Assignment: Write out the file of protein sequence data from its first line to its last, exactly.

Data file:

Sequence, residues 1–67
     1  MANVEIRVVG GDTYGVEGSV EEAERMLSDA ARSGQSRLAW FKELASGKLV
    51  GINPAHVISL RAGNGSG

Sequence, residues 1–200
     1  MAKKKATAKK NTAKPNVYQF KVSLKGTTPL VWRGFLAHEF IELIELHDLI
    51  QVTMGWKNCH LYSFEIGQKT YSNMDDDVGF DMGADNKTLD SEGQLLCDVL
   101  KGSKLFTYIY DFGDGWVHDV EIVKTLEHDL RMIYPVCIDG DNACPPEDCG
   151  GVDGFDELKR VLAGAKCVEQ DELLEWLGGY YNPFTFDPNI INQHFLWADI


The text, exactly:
Sequence, residues 1–67
     1  MANVEIRVVG GDTYGVEGSV EEAERMLSDA ARSGQSRLAW FKELASGKLV
    51  GINPAHVISL RAGNGSG

Sequence, residues 1–200
     1  MAKKKATAKK NTAKPNVYQF KVSLKGTTPL VWRGFLAHEF IELIELHDLI
    51  QVTMGWKNCH LYSFEIGQKT YSNMDDDVGF DMGADNKTLD SEGQLLCDVL
   101  KGSKLFTYIY DFGDGWVHDV EIVKTLEHDL RMIYPVCIDG DNACPPEDCG
   151  GVDGFDELKR VLAGAKCVEQ DELLEWLGGY YNPFTFDPNI INQHFLWADI